An arsenal of debauched, amped up stoner rock tunes...

Four years after the storming return to form that was ‘…Like Clockwork’, Josh Homme and his motley crew are back again, with an arsenal of debauched, amped up stoner rock tunes to help you forget the political Armageddon that has descended on the US since their last record.

While some artists have dived head first into the fragile state of America under Trump, ‘Villains’ is very much business as usual for Queens Of The Stone Age, with Homme declaring: “Queens has always been like an ice-cream parlour or a video arcade, it’s safe from the bullshit of the day.” But the desert rock icons haven’t made it to rock A-lister status, hanging out with the likes of Dave Grohl, John Paul Jones and Elton John, just from playing it safe. Whether it’s the industrial touches of the Trent Reznor (Nine Inch Nails)-produced ‘Era Vulgaris’ or the semi-concept radio style production of their 2002 magnum opus ‘Songs For The Deaf’, there has always been a distinct weirdness to their alternative rock sound. This time the curve ball comes in their choice of producer — the snake-hipped, funk-loving DJ Mark Ronson, a man more likely to be seen hanging out in Hollywood with Bruno Mars than in the LA the desert with this band of misfits.

Though perhaps a bizarre coupling at first, as with much of QOTSA’s off-kilter discography to date, it works. There’s an inventiveness that only this band could pull off in seamlessly blending their characteristic sludgy, distorted guitar riffs with such indulgent dance hooks. In one fell swoop creating their own sub-genre of the already fragmented realm of rock music that one can only defined as “strut rock”. Lead single ‘The Way You Used To Do’ acts as a fine example of this, conjuring up images of Homme strutting around his home studio in Joshua Tree gleefully spitting lines like “Is love a mental disease or lucky fever dream? I’m fine with either” over the song’s preposterously catchy hook.

It’s elsewhere on this record, however, that Homme and Ronson really flex their muscles in terms of production. Album opener ‘Feed Don’t Fail Me’ makes use of an ascending industrial synthesiser to create a dark atmosphere, somewhat akin to Brad Fiedel’s soundtracks to the first two Terminator films, before exploding into a stomping dance-rock riff. Such synths crop up again on the agitated ‘Un-Reborn Again’ and seductive ‘Hideaway’ giving both tracks a hint of the ‘80s-era Bowie. In fact, such inspiration can also be felt on ‘Domesticated Animals’ with Homme crooning like a latter-day Bowie on a rather dark acid trip who’d grown up listening to the primal stoner rock of bands like Kyuss.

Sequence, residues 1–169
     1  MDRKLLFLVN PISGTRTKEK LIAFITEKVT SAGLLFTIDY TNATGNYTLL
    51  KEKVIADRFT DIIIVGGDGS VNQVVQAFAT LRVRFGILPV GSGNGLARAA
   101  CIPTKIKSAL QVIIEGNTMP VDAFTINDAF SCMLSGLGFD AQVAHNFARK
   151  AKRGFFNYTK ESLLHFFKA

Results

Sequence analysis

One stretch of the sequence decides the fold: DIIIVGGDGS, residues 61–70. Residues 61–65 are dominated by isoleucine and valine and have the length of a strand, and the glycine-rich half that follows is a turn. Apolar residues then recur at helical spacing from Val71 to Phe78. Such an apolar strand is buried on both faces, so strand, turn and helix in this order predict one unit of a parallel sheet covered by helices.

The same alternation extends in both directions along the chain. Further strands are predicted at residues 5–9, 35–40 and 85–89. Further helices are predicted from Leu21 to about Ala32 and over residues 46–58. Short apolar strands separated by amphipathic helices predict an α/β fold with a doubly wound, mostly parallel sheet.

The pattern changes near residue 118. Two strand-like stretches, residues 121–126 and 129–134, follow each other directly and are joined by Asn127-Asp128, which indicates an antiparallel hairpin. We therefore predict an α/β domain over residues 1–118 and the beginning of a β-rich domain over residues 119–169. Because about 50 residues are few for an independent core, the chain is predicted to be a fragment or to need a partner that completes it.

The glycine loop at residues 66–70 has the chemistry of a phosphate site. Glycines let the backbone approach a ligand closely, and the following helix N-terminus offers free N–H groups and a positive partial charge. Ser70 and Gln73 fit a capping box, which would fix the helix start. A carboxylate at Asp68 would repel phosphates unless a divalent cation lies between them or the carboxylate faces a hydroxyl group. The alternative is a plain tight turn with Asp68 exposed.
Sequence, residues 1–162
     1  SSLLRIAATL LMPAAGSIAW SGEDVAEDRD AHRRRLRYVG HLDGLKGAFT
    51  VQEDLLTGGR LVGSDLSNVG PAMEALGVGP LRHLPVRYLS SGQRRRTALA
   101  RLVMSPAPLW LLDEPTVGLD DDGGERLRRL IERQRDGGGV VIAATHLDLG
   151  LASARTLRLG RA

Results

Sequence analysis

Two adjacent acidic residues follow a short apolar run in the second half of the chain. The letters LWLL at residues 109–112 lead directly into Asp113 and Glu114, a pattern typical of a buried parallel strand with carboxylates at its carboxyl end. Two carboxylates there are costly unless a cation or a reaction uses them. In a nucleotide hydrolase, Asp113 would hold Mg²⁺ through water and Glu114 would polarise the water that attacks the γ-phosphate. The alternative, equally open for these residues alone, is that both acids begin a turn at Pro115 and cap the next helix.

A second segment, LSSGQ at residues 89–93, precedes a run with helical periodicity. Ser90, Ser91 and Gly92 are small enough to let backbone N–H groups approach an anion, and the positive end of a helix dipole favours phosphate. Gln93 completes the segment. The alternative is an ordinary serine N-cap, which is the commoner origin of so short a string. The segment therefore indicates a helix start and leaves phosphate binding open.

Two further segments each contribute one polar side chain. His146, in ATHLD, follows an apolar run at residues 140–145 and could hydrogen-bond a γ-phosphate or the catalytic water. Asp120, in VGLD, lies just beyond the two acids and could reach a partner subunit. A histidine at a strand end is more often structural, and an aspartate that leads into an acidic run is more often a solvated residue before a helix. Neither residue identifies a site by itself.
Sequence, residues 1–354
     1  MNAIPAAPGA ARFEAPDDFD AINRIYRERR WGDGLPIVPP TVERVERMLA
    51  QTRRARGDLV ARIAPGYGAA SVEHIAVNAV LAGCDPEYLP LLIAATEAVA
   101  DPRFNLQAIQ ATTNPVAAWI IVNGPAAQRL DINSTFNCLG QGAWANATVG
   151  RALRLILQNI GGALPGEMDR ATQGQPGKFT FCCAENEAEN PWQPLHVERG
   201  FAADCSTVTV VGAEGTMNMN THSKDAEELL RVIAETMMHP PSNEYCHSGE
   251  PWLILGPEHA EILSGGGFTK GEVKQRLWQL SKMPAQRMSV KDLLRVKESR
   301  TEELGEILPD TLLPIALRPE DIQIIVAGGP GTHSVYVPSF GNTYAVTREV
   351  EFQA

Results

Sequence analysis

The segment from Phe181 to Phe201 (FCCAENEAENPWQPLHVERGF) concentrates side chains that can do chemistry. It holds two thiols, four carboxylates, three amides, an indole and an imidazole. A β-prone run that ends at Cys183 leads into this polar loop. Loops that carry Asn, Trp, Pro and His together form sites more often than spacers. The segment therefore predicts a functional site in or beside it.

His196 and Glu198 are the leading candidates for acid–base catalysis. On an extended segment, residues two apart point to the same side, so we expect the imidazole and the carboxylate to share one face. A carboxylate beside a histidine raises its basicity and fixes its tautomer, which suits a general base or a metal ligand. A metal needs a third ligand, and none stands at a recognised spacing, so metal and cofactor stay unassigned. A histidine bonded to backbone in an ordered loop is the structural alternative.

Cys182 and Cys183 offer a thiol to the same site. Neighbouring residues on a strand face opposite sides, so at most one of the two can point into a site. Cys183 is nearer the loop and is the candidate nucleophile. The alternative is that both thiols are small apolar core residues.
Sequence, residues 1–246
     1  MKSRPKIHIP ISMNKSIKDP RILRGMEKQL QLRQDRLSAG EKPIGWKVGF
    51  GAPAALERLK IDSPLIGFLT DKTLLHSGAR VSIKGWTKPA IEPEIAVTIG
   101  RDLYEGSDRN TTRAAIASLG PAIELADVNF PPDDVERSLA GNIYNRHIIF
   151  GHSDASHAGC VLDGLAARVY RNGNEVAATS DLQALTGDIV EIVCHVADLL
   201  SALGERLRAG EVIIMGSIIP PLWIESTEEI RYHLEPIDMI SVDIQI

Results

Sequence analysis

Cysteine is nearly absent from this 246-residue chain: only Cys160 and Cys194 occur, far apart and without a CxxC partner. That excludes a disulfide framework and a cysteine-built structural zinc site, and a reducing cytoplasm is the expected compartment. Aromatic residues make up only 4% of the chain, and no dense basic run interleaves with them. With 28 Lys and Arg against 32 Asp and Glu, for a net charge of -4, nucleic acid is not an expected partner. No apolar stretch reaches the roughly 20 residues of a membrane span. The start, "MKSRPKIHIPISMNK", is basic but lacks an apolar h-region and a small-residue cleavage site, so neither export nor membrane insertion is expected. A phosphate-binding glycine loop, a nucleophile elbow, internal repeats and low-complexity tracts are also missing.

Further highlights come in the form of the stomping, prickly ‘Head Like a Haunted House’, whose ferocious drum intro will be sure to incite many a moshpit. This track sees the band crossing slick rock ’n’ roll sensibilities with a storming punk tempo to pulsating effect reminiscent of their earliest material. The album ends on the double hit of the hypnotic ‘The Evil Has Landed’ and beautifully melodic ‘Villains Of Circumstance’ (whose name derives from the Tears For Fears track ‘Everybody Wants To Rule The World’), showcasing the band in their two best forms. Transitioning from fast-paced, dizzy sledgehammer hooks to the newfound knack for the anthemic slow-burn (as seen on ‘The Vampyre Of Time And Memory’ and ‘…Like Clockwork’).

There are still missteps, however. The metaphor on ‘Fortress’: “If ever your fortress caves, you’re always safe in mine”, feels almost lazy in its execution and stands out as one of the record’s weaker moments. As a whole the album appears lacking in Homme’s trademark razor-sharp critiques and turns of phrase that gave previous tracks like ‘I’m Designer’ and ‘Lost Art of Keeping a Secret’ that extra biting zing. This has been traded in for a greater focus on musicality and even more surprisingly some fragile moments of vulnerability on ‘Villains Of Circumstance’ and ‘Fortress’.

‘Villains’ is Queens Of The Stone Age at their darkly seductive best, from the garish cover art to its well-crafted production, this is an album that proves that there is still a place for rock music in the mainstream of 2017. If ‘…Like Clockwork’ saw the band step towards classic rock territory, ‘Villains’ sees them edge back towards the more experimental and creative. Like a wiser, crazier older brother. Ludicrously cool but still managing to maintain a slick wit and intriguing weaving song structures. ‘Villains’ is the kind of album that sits at the back of class openly smoking a cigarette but still manages to ace its exams at the end of the year.


Words: Rory Marcham

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